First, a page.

"I'm sure everybody will look at our team and say, You lose Diaz, you lose Rob, you are going to take a big hit,'" Haith said. "I think we're going to be really good.
BRYANT'S MISSION REMAINS DEFENSE
This spring Miami junior James Bryant turned down the opportunity to become the Hurricanes' starting fullback in order to prove that he can play linebacker, which is the position he was recruited for in 2003.
Bryant was moved to fullback last year because UM's coaches saw better potential in him there, and his physicality allowed him to establish himself as one of the top performers at his new position last spring. However, during the season his development stalled, and his unhappiness on offense grew, which prompted him to request a switch back.
"I thought about it, talked it over with a lot of people who are close to me back home. I came down here to play linebacker," said Bryant, one of UM's hardest hitters. "My dreams were to win a Butkus Award, and I sure can't do that on offense."
Another factor in the position switch was the perception that UM will be phasing out the fullback position under new coordinator Rich Olson, who ran a one-back offense during his stint under Dennis Erickson in the early 1990s. During UM's first open practice, the team's fullbacks -- projected starter Jerrell Mabry (who looks about 30 pounds overweight) and walk-on Mark Lisante -- were used sparingly.
Bryant specifically asked to work as a middle linebacker, a spot UM has struggled with since Jonathan Vilma's departure to the NFL two years ago. Bryant is behind junior Glenn Cook, the present first-teamer, and redshirt freshman Darryl Sharpton on the depth chart.
Both players have an edge on him in experience, and Sharpton, a very smart competitor, has established himself as one of coach Larry Coker's favorite youngsters. But Cook and Sharpton lack Bryant's untapped athletic ability.
"He wants to be a linebacker, feels he is, and that's what he came here to play. We'll give him an opportunity to do that. If he can, that's fine," Coker said. "As the coach, I don't care where he plays. I'd like to see him have the opportunity. If it's in the offensive backfield, we'll make that move, but he wants an opportunity to play linebacker."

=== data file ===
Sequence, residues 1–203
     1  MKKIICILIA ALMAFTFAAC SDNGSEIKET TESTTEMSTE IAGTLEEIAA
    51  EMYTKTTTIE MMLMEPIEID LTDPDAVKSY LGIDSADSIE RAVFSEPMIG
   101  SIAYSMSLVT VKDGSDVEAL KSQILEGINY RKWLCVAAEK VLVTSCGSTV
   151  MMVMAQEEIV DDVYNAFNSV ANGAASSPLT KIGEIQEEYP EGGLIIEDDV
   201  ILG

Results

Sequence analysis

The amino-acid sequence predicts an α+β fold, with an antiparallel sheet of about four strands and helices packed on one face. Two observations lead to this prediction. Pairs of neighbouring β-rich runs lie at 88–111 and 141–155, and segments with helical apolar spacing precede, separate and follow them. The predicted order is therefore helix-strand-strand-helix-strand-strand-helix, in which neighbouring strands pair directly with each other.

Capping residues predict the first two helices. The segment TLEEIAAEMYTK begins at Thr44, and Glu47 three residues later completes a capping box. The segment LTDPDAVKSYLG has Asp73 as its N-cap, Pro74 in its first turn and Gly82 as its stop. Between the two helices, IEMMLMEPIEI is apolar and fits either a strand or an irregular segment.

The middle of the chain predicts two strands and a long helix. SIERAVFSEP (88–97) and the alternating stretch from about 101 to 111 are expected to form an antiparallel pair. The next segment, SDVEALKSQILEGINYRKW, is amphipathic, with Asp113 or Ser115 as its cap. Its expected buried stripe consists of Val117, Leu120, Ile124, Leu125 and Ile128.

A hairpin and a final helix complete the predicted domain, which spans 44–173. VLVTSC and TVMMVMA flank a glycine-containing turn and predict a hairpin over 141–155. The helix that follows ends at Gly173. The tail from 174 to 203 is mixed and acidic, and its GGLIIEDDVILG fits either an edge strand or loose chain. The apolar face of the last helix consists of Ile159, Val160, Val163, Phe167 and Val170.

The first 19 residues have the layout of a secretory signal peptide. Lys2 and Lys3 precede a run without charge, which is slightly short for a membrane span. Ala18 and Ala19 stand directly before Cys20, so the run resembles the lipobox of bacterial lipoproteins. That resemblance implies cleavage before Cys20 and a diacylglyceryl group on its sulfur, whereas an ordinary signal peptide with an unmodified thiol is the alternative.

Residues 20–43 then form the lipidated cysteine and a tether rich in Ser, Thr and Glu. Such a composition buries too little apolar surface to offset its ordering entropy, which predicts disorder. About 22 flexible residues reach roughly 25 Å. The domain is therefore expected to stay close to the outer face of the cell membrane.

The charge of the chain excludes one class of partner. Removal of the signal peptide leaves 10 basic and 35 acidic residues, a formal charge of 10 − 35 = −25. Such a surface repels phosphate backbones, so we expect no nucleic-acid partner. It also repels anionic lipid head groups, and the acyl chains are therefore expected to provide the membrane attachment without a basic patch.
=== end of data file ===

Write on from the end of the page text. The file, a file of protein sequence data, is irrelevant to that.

Bryant hopes this will be his last move, considering that the career of this SuperPrep All-American has been very slow to take off.
"Time is running out, and if I don't get it done now, it's never going to get done," Bryant said. "Sometimes you have to give up stuff to get what you want. I gave up starting on offense to do what I want to do. There is no reason in the world I can't start on defense. I've just got to work my way up the depth chart.
INJURIES TESTING DEPTH AT SAFETY
Miami's top returning defender, safety Brandon Meriweather, underwent arthroscopic surgery on his left shoulder in late March after being bothered by soreness this spring.
The procedure was labeled "minor" by Coker, but the shoulder injury has to be troubling to the team. It's the second time in three years the hard-hitting safety, who led UM with a career-high 115 tackles in 2005, has had the surgery.
Fortunately for the Hurricanes, safety is one of the team's deepest positions.
Freshman sensation Kenny Phillips (88 tackles, one interception) mans the side opposite Meriweather. Anthony Reddick, a 2004 starter who redshirted last season after tearing his ACL in the season-opening game against Florida State, is participating in the conditioning part of spring practices.
Reddick is expected to be cleared for hitting by the start of the fall. Until then, sophomore Lovon Ponder (20 tackles, three interceptions) and junior Willie Cooper, a converted linebacker, are helping to cover UM's secondary.